Tropical Spice Garden
Teluk Bahang, Penang, Malaysia

by Kenneth Khoo
Click images to enlarge


"Water is the prominent feature whereby visitors can hear the sound of running water wherever they are, providing a cooling and soothing experience whilst strolling and exploring the garden." from Page 1


Water Features

Water from the living stream is recirculated throughout the garden via waterfalls, sluice, lakes and streams. The use of waterways not only provides an alternative habitat for a more diversified ecosystem but also serves as an irrigation network. 

< Watergarden - elevated view





Nature's spotlight on
aquatic plants >



These are manually constructed using natural and recycled materials. An important design element is working around the many bulging or protruding roots that often dictate the direction of the pathway complementing the garden's philosophy that we (human beings) are second to nature. As a safety measure, no step is built more than five inches in height and less than 19 inches in width (13 cm by 48 cm).  



< Areca Walkway



Wooden Structures

Pavilions, gazebos, gateways, bridges, benches, steps, sign posts and decking are constructed out
of a variety of Malaysian seasoned and mature hardwoods salvaged and recycled for use from demolished godowns and pre-war houses in Penang.  

Chinese Gate


< Chinese Door | ^ Malay Pavillion | Malay Pavillion interior ^

Thalia sp.


The challenge is to harmonise over 500 species/varieties of local and introduced tropical flora with the existing valley whilst maintaining the natural habitat of the local fauna through preservation of the indigenous plants. Endemic and culturally significant plants that are used as flavouring for food, medicines, dyes, perfumes and in customary practices have been specially selected to be showcased.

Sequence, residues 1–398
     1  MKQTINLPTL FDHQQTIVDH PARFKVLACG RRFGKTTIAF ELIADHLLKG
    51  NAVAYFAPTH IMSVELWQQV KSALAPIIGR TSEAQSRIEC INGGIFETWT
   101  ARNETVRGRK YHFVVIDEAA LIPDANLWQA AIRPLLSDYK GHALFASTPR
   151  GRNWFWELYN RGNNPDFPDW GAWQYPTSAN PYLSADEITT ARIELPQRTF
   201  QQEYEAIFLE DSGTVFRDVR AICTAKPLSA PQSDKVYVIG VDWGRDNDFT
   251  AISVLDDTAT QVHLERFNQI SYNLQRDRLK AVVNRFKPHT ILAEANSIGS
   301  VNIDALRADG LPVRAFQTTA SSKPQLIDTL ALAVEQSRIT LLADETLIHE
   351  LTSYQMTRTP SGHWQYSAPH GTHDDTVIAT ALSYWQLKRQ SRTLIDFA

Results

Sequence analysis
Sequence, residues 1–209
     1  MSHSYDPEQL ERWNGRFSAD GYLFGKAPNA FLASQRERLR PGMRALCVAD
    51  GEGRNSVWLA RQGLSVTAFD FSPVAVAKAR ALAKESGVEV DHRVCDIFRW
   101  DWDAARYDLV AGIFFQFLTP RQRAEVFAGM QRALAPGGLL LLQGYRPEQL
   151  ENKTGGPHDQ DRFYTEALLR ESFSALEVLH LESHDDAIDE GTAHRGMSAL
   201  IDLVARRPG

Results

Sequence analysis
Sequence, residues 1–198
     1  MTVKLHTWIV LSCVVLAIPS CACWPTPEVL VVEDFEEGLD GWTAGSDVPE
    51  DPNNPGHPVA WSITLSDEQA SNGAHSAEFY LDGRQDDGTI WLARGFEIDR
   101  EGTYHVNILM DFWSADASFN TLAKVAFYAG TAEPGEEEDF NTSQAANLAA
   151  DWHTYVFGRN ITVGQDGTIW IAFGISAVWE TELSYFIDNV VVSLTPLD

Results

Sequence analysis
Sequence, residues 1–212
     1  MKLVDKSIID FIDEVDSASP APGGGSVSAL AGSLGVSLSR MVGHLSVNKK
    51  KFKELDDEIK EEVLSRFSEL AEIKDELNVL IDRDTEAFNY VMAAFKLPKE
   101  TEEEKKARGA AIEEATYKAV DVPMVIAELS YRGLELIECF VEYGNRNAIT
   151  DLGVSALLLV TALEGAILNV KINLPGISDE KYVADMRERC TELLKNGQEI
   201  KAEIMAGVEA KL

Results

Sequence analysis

Bamboo Garden

Ornamental Valley

Licuala palms


A mix of graphics and photography is used in signage application as a communication device to deliver the message and design relating to the garden. Easily read and visually attractive signage mounted on recycled timber poles are found throughout the garden providing plant information in both the English and Malay languages.

Giant Swing >

Viewing Stations

Benches built with more than generous proportions and deep seating are strategically positioned throughout the garden where visitors can rest and take in viewlines carefully crafted by managing plant growth habits to provide framed views of the Strait, valley and garden.

View from the Giant Swing >



Dry Stone Walls

These are built by a master builder from England based on a centuries-old craft which involves careful sorting and chipping of stones into shape which are piled into a wall without cement and held together solely by their own weight.   


Visitor Centre

Lone Crag Villa has been converted into a visitor centre hosting the Spice Museum, left, information counter, gift shop and the Spice Café, below. 

Perfume Door



Each trail begins at the water garden and provides sufficient interest for a 20-45 minute walk.


Large image | Larger image (250K)



Jungle Trail

A shady elevated pathway meandering through the existing jungle and overlooking the living stream showcases ferns, wild orchids, understorey palms and other significant jungle flora, some of which are major commercial crops (palm oil, rubber, cocoa) or used by Orang asli (indigenous tribes).



Ornamental Trail

In the heart of the valley is a collection of exotics chosen for their structural form (palms), ornamental foliage (ferns, crotons, Costus) or stunning flowers (gingers, Heliconias, etc). To provide a frame for the trail, mature and endemic palms are planted which will eventually give majestic presence and height.




Spice Trail

On the disused rubber terraces are over 100 species of tropical spice and herbal plants grown either in the ground or in 12-year-old oak barrels specially imported from Canada. There is also a "Spices of the World" globe installation painted by local artist-designer, Rebecca Duckett.

Spice Globe and its shelter


Tropical Spice Garden Article

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